May Weber Ethnographic Collection
Curated and managed by the Department of Anthropology at Loyola University Chicago, the collection consists of approximately 2500 pieces of ethnographic art collected in the mid to late twentieth century by Dr. May Weber, a Chicago-based psychiatrist. Weber’s interest in aesthetically compelling materials from outside Western fine art traditions, her travels, and relationships with tribal art dealers resulted in a personal collection with global geographic diversity of aesthetic works in traditional and contemporary mediums. Weber was especially drawn to masks, figurative sculpture, textiles, as well as more utilitarian pieces. The collection ranges from several examples of masterful artistic expression to numerous pieces of tourist art. View video slideshows of items from the collection here.
Within the collections from the Americas, masks from Mexico are the most numerous and diverse with several representative examples from colonial-style festivals covering all the major geographic regions and cultural traditions. There are limited South American materials, including pieces from the Amazon such as a Tapirapé feather headdress. There are very few objects from Native North America. The African collections, sizeable in number, are sourced from mostly sub-Saharan cultures in West and Central Africa. The majority of African material consists of small, domestic objects, including ritual carvings, food service and preparation objects, and garments. There is a selection of larger architectural pieces such as carved doors, a house post, and wooden ladder. The Asia-Pacific collections consist of textiles from India and the indigenous peoples of Southeast Asia (Thailand, Laos, Burma, China, Vietnam). There is a variety of material from Indonesia, with fewer pieces from Papua New Guinea and Australia.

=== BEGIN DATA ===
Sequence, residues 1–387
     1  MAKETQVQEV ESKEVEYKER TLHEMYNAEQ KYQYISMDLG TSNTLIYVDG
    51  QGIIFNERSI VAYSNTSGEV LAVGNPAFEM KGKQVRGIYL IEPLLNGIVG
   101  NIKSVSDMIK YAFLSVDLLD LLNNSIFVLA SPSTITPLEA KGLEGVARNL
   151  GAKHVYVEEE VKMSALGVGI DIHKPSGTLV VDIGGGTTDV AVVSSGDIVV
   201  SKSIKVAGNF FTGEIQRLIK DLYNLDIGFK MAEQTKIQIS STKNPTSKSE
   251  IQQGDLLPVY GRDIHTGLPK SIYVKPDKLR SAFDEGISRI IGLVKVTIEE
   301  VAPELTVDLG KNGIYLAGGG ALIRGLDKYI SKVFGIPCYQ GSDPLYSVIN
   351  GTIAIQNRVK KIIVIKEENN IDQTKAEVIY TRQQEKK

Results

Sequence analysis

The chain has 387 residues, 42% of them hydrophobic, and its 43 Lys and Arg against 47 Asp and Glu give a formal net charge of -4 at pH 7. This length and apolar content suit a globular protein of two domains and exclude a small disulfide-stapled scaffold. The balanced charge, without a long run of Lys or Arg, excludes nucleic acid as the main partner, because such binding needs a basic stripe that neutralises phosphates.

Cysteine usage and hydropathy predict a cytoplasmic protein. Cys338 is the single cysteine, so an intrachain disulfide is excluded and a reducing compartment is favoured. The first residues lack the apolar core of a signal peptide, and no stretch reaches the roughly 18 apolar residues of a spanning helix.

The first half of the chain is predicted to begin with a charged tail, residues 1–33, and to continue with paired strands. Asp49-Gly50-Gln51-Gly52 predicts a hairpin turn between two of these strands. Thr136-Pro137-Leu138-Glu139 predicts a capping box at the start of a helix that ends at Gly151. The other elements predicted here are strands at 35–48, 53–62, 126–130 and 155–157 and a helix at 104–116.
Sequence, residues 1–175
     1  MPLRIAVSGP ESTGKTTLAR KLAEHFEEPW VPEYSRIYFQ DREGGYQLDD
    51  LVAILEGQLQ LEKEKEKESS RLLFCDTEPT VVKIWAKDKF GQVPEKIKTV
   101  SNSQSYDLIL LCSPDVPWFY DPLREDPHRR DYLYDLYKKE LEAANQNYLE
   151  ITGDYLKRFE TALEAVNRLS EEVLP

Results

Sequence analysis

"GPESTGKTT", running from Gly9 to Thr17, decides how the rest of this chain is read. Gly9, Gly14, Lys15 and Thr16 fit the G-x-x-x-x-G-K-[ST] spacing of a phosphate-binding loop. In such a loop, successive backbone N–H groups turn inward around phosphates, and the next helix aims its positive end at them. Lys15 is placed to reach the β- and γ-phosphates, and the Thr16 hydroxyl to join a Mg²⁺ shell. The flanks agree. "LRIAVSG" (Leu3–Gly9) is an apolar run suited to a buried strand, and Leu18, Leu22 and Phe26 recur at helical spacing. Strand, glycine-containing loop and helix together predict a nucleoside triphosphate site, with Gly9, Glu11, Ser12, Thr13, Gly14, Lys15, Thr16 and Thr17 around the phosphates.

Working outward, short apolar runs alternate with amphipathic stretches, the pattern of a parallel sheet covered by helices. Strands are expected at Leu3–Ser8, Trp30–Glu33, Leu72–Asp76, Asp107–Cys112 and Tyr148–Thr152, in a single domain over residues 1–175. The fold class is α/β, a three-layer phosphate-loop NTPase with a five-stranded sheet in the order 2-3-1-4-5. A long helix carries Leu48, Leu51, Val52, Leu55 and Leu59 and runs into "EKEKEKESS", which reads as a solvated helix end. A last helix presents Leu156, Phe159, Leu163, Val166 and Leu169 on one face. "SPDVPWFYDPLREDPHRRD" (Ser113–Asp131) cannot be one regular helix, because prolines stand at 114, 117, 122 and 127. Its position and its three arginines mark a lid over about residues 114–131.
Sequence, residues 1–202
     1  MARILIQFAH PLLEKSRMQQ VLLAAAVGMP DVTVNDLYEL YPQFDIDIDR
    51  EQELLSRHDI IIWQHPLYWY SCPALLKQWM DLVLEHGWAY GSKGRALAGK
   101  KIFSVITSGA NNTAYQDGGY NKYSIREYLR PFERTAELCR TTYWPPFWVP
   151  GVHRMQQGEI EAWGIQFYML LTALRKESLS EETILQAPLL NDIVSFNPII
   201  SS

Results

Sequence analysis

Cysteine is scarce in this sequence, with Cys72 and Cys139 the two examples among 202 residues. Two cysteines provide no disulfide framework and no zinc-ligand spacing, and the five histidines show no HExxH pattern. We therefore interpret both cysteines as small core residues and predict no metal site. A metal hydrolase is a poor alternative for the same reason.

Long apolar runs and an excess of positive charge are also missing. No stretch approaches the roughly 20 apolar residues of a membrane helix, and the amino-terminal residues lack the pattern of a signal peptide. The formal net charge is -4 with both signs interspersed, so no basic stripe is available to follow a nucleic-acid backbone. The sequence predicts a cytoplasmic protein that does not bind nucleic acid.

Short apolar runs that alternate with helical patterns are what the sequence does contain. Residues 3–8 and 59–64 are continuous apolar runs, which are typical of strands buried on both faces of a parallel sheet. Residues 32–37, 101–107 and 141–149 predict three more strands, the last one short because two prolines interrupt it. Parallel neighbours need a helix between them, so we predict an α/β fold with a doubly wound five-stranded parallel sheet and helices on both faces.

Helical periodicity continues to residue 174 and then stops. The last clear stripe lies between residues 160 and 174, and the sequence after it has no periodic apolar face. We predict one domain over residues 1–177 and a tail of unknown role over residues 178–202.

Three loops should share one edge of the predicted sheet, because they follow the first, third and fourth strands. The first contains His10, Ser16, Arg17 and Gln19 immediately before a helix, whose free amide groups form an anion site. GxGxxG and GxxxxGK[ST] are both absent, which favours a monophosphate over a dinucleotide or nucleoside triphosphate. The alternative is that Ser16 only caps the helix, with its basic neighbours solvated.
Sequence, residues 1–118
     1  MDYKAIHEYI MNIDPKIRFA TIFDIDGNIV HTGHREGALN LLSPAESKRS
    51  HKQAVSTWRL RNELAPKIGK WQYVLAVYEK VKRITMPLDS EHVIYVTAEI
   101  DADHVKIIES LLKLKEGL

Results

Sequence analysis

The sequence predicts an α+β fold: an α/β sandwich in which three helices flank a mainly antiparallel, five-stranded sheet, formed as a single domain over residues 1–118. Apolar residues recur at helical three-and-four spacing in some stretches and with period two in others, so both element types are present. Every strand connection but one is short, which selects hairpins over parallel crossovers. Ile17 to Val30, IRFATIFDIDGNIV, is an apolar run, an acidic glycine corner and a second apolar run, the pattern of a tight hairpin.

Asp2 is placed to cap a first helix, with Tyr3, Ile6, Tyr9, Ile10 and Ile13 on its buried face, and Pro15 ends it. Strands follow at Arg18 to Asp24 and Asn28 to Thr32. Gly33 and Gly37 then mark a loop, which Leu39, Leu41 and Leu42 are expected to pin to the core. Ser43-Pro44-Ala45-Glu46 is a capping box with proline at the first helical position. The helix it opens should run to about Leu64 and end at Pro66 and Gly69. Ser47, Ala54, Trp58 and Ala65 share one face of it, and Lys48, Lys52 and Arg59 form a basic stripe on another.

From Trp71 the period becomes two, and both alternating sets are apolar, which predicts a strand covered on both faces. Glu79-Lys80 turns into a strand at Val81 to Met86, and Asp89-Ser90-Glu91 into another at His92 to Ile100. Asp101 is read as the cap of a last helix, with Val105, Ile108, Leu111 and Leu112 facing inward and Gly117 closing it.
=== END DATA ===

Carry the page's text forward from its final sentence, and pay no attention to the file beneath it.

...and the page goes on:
Find the guide here: Finding Aid for May Weber Archives.
The collection is housed on the fourth floor of Mundelein Hall. For-credit internship and research opportunities are available for students. Please direct research and information requests to Dr. Catherine Nichols, firstname.lastname@example.org or 773.508.3469.